In some breeds, dogs with cream or white coats are often listed as non-standard, which has led to people avoiding Cream Frenchies as they are concerned about possible health problems (more on this later). They also worry that their dog will be banned from shows or penalized for being outside the breed standards.

The good news is that the AKC includes cream in its coat colors for the French Bulldog. Here’s that list in full:

• Brindle

• Brindle and white

Cream

• Fawn

• Fawn and white

• Fawn, brindle, and white

• White

• White and brindle

• White and Fawn

They can also display any of these markings:

• Ticked

• White

• Black mask

• Black

• Piebald (or pied)

• Brindle

So, if you’re after a Cream French Bulldog, you can relax, as it’s on the list! Of course, this won’t worry those who don’t plan to enter their dog in shows.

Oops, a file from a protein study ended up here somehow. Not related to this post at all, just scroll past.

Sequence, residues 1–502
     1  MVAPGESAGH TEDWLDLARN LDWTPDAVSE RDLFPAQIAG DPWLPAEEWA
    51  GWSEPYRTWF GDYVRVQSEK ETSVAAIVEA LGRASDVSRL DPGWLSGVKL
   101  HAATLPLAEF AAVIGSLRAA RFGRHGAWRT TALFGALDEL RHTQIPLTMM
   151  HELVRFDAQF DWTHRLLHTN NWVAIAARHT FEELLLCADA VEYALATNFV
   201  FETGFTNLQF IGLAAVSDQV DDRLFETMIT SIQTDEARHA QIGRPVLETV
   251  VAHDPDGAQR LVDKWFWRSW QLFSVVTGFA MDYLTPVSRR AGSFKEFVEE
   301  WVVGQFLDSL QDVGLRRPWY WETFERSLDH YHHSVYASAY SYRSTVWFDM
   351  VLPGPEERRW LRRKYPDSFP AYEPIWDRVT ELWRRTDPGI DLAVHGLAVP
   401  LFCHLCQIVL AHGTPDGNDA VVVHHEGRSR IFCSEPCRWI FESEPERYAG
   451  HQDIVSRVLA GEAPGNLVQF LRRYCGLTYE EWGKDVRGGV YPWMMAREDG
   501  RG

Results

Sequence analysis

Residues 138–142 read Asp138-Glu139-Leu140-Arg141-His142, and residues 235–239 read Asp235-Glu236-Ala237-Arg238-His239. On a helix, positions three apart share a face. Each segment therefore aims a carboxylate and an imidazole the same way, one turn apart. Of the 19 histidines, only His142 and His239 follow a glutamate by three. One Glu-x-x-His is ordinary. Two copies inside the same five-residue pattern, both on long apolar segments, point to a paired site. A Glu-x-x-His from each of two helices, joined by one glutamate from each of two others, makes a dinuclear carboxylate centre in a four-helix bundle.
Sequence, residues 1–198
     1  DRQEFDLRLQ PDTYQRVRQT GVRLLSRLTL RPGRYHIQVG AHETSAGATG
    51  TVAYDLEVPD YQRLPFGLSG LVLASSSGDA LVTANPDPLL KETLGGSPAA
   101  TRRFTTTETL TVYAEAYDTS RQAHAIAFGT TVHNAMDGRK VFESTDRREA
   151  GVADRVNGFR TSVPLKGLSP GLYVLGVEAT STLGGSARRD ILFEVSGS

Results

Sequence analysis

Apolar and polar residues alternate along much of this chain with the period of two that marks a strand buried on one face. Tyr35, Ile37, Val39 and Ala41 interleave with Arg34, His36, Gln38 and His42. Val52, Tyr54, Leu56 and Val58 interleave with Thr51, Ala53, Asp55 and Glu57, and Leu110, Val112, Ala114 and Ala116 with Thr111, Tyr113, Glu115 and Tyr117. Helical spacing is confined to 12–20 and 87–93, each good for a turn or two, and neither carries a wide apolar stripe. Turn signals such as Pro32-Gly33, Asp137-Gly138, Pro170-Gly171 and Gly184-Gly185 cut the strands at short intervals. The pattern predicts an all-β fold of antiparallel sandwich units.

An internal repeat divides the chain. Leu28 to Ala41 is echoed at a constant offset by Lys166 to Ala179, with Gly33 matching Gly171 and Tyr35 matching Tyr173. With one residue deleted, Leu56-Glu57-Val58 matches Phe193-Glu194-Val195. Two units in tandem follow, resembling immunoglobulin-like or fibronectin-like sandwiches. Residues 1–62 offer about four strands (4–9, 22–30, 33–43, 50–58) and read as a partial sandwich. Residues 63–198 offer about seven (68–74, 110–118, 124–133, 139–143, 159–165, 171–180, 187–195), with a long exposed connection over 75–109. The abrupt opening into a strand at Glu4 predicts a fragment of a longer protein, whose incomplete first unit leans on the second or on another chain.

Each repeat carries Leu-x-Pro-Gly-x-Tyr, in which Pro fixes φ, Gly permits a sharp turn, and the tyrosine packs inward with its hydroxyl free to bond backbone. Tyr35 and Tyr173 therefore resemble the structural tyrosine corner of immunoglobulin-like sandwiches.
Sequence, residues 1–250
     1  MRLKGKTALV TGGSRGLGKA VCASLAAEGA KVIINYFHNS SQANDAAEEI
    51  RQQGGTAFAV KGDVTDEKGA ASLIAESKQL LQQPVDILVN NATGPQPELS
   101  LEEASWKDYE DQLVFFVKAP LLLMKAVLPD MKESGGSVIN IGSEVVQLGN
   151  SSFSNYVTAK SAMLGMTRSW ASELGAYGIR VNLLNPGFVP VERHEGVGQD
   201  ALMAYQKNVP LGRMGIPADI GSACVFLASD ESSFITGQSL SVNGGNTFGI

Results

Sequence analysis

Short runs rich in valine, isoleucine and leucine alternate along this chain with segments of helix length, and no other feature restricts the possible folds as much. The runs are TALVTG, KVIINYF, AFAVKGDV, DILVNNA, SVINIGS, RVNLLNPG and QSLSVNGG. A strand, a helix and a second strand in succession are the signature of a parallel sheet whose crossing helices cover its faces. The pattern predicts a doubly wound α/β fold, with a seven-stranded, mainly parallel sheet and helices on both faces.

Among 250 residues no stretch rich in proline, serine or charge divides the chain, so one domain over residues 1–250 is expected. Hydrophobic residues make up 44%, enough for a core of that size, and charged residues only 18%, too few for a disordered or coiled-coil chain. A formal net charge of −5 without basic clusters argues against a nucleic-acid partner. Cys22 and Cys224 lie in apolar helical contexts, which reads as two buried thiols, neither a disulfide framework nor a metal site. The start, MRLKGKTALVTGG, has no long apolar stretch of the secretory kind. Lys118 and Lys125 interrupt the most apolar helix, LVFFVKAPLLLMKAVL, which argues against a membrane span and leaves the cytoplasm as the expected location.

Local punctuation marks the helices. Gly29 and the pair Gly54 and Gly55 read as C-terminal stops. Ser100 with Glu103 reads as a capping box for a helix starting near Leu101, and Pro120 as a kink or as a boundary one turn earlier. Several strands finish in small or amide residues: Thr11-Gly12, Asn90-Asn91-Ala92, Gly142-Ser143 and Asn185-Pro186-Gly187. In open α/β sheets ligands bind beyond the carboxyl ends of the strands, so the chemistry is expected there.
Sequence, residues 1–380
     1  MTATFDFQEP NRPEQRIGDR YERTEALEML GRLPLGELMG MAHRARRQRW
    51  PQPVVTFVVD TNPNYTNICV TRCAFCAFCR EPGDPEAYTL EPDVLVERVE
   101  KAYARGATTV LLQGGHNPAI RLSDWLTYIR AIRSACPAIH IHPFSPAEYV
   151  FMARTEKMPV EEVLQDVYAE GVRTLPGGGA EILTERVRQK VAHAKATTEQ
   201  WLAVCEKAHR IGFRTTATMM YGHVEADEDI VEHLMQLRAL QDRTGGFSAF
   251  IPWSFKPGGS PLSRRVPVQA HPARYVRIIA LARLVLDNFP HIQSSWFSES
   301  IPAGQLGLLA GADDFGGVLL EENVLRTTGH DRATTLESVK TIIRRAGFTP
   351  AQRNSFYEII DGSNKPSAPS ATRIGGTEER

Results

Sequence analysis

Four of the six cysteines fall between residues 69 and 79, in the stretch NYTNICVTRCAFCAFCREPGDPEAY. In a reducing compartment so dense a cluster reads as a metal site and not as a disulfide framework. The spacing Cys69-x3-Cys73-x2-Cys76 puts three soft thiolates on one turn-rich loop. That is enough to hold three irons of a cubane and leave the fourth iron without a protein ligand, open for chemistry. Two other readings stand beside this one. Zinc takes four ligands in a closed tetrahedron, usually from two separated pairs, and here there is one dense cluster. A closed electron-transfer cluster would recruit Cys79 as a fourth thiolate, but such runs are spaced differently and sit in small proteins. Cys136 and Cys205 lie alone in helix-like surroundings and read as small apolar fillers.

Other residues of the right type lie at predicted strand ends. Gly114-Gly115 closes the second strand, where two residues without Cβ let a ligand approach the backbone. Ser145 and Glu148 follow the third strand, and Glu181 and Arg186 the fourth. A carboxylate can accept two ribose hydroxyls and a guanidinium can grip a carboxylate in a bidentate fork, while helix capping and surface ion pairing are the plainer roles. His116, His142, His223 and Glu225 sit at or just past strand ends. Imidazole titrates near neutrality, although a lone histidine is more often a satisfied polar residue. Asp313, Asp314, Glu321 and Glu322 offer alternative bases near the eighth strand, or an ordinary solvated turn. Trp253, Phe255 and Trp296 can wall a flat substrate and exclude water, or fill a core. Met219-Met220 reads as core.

However, it’s still wise to be cautious about specific colors as they can affect the dog’s health. It’s also believed that coat color can affect temperament, although some experts dispute this.

Cream French Bulldog Puppy

cream color of french bulldog puppy

These are just the sweetest little things!

They have blue eyes at first (see below for more details). Their noses and paw pads darken to become solid black, usually within 24 hours. Their smooth, glossy coats are solid cream, but this color may lighten as the pup develops.

French Bulldogs have a long history of severe health problems, so they need extra care and attention.

Tips On Grooming And Care:

Bathe them regularly – Skin infections and allergies are a real problem, especially for Cream French Bulldogs, so it’s good to keep their skin clean and hydrated. Don’t use human shampoo, not even baby shampoo, as the pH balance is wrong. You can buy unique skincare products designed for dogs to reduce the risk of allergies and infections.

Don’t forget the tail pocket – Frenchies have a short, stumpy tail, beneath which you might find an indentation. Wrinkles cause this dip in the skin, possibly trapping dirt and feces. It’s a good idea to gently wipe this area after the dog has been to potty.